In an email to council members dated June 8, Goldstein cited Plainfield City Charter and Municipal Code violations.

RALLY FOLLOW-UP

Leslie A. Anderson said, “As a lifelong resident of this city, I am dismayed that I even have to be at the council meeting tonight making these comments. I am speaking to the letter sent by Valerie Jackson on June 5, 2020, to the businesses of Plainfield, which resulted in them boarding up their stores for the peaceful demonstration that took place in the city on June 6.”

Anderson called the letter unnecessary and antagonistic, and said it sent the wrong message from the administration. "Rather than responding and working with the march organizers and figuring out ways we can work together to protect the businesses, we reacted and I believe a division has a potential to be created between the business owners and the residents of the city. And I would like to see the city take some action to address it, to calm fears on one side and to calm anger on another.” 

She added, “The action flies in the face of who we are as the city of Plainfield,” adding, "Words matter."

Jackson responded, saying, "First of all, I would like to say I was asked to advise the businesses about the rally, and a lot goes on behind the scenes that is not available to the public." She noted, "I have no intent, never did, to create fear and / or division in the City of Plainfield. The purpose of the memo was to advise business owners of the rally. There was no intent to incite or scare business owners. I noted in the memo that the rally was expected to be peaceful. Some people mistakenly misinterpreted a couple of words, meaning civil disturbance. And disturbance means protest. I support peaceful protest." She said some business owners overreacted by boarding up their buildings, but said she is committed to bringing about dialogue with residents and business owners.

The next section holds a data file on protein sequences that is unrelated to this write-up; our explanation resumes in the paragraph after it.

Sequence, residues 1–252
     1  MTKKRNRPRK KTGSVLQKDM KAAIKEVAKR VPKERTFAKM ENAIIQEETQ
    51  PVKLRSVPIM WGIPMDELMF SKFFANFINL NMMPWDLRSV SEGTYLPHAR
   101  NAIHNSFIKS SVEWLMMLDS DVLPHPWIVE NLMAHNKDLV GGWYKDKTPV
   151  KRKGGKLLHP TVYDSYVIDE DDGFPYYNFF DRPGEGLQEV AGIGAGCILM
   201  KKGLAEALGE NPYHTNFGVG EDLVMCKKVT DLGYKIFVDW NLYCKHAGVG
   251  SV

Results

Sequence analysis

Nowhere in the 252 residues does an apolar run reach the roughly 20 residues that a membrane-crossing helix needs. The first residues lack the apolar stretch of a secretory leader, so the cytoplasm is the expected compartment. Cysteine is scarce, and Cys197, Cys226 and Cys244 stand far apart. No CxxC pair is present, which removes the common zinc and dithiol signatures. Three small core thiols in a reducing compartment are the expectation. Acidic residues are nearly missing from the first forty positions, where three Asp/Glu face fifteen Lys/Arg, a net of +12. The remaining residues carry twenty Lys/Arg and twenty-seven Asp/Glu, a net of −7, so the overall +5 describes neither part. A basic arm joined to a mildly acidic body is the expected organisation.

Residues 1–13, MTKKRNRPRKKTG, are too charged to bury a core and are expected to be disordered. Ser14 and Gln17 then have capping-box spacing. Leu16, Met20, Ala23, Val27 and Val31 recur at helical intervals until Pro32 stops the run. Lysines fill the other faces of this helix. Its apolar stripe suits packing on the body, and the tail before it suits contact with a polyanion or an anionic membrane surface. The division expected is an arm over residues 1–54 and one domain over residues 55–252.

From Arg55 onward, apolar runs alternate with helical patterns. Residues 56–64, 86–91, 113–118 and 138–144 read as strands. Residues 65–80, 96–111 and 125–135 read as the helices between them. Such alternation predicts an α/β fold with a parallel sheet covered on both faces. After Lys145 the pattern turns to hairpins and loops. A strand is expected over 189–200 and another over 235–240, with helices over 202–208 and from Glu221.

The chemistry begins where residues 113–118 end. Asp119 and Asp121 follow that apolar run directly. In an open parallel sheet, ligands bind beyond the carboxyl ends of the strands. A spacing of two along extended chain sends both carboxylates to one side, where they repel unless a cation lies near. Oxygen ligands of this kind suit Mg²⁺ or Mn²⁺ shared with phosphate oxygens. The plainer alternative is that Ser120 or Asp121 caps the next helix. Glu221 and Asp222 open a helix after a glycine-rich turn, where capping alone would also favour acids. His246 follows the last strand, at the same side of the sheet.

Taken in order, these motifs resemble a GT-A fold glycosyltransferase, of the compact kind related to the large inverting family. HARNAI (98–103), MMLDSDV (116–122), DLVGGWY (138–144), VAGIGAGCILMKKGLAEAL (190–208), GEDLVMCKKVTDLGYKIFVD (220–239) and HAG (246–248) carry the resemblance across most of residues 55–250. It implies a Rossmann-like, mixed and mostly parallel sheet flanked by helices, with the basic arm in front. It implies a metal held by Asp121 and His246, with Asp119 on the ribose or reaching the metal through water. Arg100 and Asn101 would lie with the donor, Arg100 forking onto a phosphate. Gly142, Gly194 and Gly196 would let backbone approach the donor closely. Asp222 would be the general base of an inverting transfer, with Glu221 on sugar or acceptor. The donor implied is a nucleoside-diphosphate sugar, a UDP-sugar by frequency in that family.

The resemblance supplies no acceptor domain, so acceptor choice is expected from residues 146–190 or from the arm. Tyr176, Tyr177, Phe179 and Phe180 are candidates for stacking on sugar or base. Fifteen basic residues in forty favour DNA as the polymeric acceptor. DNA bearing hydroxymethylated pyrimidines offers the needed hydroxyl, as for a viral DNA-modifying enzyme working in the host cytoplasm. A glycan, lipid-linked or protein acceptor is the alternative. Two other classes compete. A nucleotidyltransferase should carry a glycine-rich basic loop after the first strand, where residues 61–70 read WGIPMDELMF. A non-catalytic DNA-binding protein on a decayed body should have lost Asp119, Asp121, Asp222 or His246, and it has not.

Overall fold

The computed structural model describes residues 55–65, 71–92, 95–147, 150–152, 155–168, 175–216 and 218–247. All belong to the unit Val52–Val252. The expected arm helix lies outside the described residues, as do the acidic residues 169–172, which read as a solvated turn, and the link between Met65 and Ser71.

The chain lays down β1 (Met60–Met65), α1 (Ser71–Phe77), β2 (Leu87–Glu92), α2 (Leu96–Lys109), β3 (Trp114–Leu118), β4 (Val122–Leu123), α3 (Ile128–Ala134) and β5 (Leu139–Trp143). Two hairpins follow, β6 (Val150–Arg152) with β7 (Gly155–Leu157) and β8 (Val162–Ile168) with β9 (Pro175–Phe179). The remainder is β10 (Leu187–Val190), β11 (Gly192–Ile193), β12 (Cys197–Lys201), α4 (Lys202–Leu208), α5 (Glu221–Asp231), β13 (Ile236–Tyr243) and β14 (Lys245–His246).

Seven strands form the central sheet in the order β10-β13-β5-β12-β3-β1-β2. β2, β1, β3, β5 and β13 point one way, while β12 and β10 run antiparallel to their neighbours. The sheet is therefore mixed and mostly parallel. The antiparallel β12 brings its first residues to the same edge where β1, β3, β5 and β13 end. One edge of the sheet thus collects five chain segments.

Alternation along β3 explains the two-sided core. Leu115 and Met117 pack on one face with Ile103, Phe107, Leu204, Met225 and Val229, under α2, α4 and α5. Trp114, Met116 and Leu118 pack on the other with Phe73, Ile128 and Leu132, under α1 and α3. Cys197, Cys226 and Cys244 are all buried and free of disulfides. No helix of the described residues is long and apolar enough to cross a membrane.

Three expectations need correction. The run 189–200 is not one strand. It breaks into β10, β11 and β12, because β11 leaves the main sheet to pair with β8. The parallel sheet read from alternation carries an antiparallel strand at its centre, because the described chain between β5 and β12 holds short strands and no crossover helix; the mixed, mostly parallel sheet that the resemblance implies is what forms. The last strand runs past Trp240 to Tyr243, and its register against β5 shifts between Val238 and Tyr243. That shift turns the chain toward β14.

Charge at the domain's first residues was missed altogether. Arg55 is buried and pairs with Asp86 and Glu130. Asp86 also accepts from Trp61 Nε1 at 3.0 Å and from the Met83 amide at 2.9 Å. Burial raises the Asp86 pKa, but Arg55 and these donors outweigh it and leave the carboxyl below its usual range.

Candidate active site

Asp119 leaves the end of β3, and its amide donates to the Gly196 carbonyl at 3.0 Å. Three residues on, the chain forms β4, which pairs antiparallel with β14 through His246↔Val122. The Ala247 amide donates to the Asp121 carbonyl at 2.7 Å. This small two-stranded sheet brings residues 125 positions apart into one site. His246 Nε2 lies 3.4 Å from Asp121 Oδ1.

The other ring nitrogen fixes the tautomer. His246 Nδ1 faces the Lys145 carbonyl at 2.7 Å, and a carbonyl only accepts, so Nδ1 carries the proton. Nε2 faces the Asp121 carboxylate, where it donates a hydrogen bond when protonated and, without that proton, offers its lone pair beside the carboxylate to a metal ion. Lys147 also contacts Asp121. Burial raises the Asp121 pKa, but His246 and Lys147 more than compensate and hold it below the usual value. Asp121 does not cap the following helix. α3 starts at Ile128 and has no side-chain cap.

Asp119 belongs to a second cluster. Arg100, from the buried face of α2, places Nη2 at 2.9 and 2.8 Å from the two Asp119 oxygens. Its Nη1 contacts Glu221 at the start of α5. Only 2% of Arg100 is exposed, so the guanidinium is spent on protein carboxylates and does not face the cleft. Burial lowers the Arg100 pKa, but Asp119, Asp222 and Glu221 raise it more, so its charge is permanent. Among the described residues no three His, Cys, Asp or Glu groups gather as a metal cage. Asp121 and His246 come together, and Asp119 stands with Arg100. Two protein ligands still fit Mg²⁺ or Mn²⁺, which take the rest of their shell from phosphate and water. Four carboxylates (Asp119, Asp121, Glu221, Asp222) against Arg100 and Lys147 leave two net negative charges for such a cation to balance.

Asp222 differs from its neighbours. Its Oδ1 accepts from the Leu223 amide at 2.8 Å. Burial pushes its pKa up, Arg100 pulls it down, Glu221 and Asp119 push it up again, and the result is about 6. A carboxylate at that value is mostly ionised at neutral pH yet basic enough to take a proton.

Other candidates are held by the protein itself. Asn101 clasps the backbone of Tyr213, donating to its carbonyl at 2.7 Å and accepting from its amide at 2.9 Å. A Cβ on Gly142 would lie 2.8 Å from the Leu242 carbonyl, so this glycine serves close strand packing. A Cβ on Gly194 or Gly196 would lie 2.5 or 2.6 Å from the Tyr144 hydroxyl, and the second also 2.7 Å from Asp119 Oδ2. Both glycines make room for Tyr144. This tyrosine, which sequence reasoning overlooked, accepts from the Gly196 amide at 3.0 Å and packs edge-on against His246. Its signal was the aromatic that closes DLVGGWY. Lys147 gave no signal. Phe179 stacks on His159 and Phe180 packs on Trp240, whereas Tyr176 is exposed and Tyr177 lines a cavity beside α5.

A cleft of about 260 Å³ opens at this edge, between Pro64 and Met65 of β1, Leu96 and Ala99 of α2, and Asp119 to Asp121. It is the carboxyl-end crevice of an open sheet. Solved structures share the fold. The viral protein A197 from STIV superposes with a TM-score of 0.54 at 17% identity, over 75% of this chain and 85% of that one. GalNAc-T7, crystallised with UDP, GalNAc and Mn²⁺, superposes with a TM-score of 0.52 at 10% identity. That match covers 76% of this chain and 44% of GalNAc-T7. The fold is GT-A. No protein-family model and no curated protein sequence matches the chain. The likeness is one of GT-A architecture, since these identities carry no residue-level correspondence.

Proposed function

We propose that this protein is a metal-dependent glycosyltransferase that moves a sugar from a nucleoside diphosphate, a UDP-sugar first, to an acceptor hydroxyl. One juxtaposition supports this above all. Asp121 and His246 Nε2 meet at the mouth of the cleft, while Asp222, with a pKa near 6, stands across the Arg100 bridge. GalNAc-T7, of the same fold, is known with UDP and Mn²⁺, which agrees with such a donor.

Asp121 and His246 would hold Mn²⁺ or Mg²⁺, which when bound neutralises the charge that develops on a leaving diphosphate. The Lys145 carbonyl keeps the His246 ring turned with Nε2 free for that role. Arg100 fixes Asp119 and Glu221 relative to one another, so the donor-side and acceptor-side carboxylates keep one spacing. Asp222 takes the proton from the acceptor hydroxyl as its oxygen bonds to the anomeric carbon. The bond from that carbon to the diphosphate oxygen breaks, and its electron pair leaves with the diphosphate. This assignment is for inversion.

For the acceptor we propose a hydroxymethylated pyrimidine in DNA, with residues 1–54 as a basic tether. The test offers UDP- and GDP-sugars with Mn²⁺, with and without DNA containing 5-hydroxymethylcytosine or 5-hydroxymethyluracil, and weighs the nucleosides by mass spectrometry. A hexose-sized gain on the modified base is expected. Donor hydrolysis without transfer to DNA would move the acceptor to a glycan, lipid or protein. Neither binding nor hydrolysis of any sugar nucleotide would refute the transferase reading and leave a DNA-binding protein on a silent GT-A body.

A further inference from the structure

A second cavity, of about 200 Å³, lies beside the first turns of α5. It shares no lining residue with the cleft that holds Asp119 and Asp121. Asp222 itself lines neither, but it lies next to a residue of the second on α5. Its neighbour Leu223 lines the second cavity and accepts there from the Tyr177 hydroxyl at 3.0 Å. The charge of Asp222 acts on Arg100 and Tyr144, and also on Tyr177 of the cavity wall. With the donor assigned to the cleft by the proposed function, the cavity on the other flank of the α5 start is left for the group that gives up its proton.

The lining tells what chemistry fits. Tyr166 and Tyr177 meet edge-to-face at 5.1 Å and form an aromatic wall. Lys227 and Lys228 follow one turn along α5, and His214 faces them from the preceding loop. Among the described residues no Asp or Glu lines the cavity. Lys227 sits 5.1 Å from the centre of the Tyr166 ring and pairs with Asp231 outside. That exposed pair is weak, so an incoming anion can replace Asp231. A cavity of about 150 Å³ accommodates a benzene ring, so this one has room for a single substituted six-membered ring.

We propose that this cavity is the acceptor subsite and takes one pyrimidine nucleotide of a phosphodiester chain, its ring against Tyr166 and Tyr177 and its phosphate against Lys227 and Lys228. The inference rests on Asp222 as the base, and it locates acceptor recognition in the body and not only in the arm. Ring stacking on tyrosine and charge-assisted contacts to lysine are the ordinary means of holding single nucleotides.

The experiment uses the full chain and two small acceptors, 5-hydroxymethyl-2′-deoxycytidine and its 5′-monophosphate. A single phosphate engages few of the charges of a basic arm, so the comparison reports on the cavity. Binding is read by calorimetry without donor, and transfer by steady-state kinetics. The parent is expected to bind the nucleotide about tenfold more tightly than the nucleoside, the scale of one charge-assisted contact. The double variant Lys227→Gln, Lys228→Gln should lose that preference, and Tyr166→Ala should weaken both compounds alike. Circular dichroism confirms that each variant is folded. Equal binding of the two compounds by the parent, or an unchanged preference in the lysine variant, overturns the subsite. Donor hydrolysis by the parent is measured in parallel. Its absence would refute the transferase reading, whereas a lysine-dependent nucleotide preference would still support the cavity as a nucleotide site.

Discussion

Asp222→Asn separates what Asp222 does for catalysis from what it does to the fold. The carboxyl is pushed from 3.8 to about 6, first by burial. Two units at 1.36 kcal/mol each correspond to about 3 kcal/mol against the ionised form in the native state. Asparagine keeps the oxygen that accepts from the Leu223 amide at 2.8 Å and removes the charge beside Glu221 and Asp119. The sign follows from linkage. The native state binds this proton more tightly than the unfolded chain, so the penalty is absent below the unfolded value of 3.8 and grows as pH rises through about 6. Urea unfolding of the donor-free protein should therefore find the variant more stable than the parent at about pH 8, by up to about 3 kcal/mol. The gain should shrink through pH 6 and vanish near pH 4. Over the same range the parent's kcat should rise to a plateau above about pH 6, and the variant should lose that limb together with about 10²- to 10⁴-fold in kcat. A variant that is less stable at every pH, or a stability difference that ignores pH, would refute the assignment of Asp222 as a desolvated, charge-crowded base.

McKenna said, "We should be more analytical with our intel, and what is good intel vs. bad intel vs. rumors." He said once the letter came out, it became 'social media wild'.

Davis said it appeared the administration was "doubling down on our position," noting, "residents in the city were insulted about the municipality being boarded up, looking like we were preparing for a hurricane." She said residents told her it reminded them of the riots in the sixties, but said while residents' feelings should not be discounted, neither should the police intel.

"It's disappointing because now you have residents calling for boycotts of these businesses," Davis said, adding it sounds like "we're okay with the position because I'd rather people board up their businesses and take precautions, and I don't really think that's the message we want for residents."

The Mayor said he was disturbed by the sight of the boards, and it is not the message that should be communicated internally or externally. "The buck stops with me, and anything that is done by my administration, I take full responsibility. At the end of the day, I'm accountable to the people of Plainfield, and internally we will have the necessary conversation in looking at this issue, and I can assure you that we will deal with it in the way that it should be dealt with."